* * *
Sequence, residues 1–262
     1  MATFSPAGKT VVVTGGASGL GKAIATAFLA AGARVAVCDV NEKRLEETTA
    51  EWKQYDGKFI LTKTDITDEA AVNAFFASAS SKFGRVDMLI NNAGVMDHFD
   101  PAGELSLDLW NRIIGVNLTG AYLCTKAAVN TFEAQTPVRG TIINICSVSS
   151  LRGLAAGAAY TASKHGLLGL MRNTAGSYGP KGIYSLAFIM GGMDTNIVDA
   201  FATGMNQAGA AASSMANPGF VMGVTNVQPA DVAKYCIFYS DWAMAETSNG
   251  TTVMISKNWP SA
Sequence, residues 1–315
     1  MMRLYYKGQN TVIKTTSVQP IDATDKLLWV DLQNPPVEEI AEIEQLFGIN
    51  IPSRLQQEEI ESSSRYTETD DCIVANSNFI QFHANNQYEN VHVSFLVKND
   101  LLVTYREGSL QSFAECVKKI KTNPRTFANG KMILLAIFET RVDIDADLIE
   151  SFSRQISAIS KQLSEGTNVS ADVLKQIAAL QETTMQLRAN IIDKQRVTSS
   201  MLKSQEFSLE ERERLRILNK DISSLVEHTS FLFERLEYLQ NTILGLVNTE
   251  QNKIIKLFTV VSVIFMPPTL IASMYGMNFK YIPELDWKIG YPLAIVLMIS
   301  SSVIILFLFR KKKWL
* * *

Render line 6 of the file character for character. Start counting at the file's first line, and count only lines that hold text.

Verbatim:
   201  FATGMNQAGA AASSMANPGF VMGVTNVQPA DVAKYCIFYS DWAMAETSNG